“Do unto others downstream what you would have them do unto you upstream.”
O gracious God, in creation you gave us the gift of water. Guide us in our efforts to provide cleaner water and a healthier environment for our community through the Clean Water Project. We give thanks for the work of so many who have helped to make this project possible. May we always be grateful for the natural resources that you have bestowed upon us and remain faithful to caring for our environment as you care for us; through Jesus Christ our Lord. Amen.
Nearly 200 Years of Service
Sherwood Episcopal Church was established in 1826 on six acres of steep and heavily timbered land in the Limestone Valley of Cockeysville, with the intent to provide an Episcopal church for worship in the heart of the community. The opportunity to worship together, to meet with and learn the latest needs of friends and relatives while gathering at church, was a necessary communal and prayerful experience. Over the years, the number of parishioners increased and by ca.1895, a spacious home for the rector and family was built on the property. Fifty years later, as the post-World War II economy grew, so did attendance at Sherwood Church and many activities took place at the church and on the grounds there.
Water Issue Recognized and Initiative Started
During heavy rain events, stormwater flows from higher elevations, including asphalted housing developments above the Sherwood campus into a gully behind the church. The gully on the church campus is flooded with pollutants, debris, and sediment which then flow over the church and neighboring properties and continues downhill to heavily trafficked York Road. The polluted stormwater continues on to Beaverdam Run, a tributary of Loch Raven Reservoir, and into the greater Baltimore drinking water supply. The people of Sherwood sought solutions to the flooding and storm water problem for many years, with little success.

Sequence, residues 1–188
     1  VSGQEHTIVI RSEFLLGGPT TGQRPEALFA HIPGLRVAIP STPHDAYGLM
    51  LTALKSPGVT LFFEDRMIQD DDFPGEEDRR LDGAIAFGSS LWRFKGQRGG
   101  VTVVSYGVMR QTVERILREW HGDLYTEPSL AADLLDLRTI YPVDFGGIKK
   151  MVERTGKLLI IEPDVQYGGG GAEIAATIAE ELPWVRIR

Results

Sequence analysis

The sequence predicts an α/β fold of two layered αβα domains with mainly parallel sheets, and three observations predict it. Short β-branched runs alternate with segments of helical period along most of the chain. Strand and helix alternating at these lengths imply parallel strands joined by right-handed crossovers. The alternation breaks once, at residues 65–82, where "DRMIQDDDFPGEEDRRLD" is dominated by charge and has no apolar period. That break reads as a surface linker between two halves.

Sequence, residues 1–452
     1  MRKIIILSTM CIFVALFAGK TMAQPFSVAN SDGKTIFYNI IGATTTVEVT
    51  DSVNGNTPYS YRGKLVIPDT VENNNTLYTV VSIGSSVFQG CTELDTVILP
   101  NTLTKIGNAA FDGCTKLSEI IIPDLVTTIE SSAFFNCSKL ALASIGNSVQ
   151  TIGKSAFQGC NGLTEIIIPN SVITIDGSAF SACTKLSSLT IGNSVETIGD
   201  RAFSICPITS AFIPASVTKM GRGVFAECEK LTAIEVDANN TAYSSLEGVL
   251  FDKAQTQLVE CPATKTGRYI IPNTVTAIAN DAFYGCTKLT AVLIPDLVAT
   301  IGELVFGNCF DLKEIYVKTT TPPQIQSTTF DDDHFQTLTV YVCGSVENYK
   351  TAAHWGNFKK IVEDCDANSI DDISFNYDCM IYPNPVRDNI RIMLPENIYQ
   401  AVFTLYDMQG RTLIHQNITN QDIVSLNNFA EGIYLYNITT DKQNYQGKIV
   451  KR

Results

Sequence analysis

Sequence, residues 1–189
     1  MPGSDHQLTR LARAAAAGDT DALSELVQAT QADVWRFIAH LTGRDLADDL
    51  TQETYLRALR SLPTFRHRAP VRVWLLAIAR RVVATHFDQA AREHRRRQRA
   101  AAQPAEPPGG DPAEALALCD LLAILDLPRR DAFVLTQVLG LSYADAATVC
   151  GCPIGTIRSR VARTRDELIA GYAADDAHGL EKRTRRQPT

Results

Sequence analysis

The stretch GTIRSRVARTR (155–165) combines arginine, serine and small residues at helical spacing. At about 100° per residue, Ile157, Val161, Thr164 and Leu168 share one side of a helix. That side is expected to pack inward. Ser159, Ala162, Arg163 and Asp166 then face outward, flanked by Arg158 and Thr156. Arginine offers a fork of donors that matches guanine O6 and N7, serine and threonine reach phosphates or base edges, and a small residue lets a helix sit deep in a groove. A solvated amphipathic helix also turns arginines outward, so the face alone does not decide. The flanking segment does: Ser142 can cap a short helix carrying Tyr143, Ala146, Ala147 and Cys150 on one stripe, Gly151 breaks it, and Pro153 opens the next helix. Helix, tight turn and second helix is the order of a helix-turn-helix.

By early 2020, parish leaders looked at the church property with the vision to better support the community. They realized that before anything could be done, they had to address severe flooding and dangerous property erosion related to stormwater. In early 2021, Sherwood’s Property Initiative team met with representatives of Gunpowder Valley Conservancy, the Maryland Department of Natural Resources, and Interfaith Partners for the Chesapeake, who suggested a visit to the Restoration of Nature stormwater management project at St. Luke’s Church, Annapolis. After touring St. Luke’s project, the congregational team realized that they could let Sherwood’s flooding continue downhill or they could live into their Christian call to care for all of God’s creation by managing stormwater on church property. Sherwood’s Clean Water team requested project bids, and chose Underwood and Associates, the developer of St. Luke’s stormwater solution, as a partner to design and build the project and to assist with grant writing.
The Sherwood congregation chose to “do unto others downstream as you would have done to you upstream”.
The Sherwood Episcopal Church Clean Water Project was envisioned as a comprehensive, stormwater management project using a Regenerative Stormwater Conveyance (RSC) approach. It utilizes a nature-based remedy—“Mother Nature’s solution”—to slow stormwater by moving it through gravel, stone, and earth ponds and streams that filter out the pollutants before they reach the drinking water supply.
A large area of church property will be set aside for stormwater management to prevent continuing damage to neighboring properties and infrastructure along York Road. Over 100 trees will be planted and a riparian and wetland habitat will be established on the property. These improvements will strengthen the resiliency and ability of the community to handle similar flooding. Walking trails and educational signage will help convert the property into an environmental education campus that will be open to the public for recreational use as well.
The Sherwood/Underwood team generated several grant proposals to various organizations to fund the RSC design and construction. In mid-2022, the Chesapeake Bay Trust awarded approximately $60,000 for the design of the project. In mid-2023, the Maryland Dept. of Natural Resources awarded the team a grant of approximately $1.7 million for construction.
Additional funding will be needed to provide interpretive signage and recreational pathways at the site and long-term maintenance of the infrastructure.
The construction timeline is, as of this writing, still being finalized, but the Sherwood/Underwood team hopes to see this project begin by spring/summer
2024. Construction will proceed through several phases, and once completed, there will be a need for continual maintenance of plantings and infrastructure for the lifetime of the project. The rehabilitated areas will be used for educational and recreational purposes; walking trails with interpretive signage will tell the story of the project and identify the native plants in the stormwater remediation infrastructure.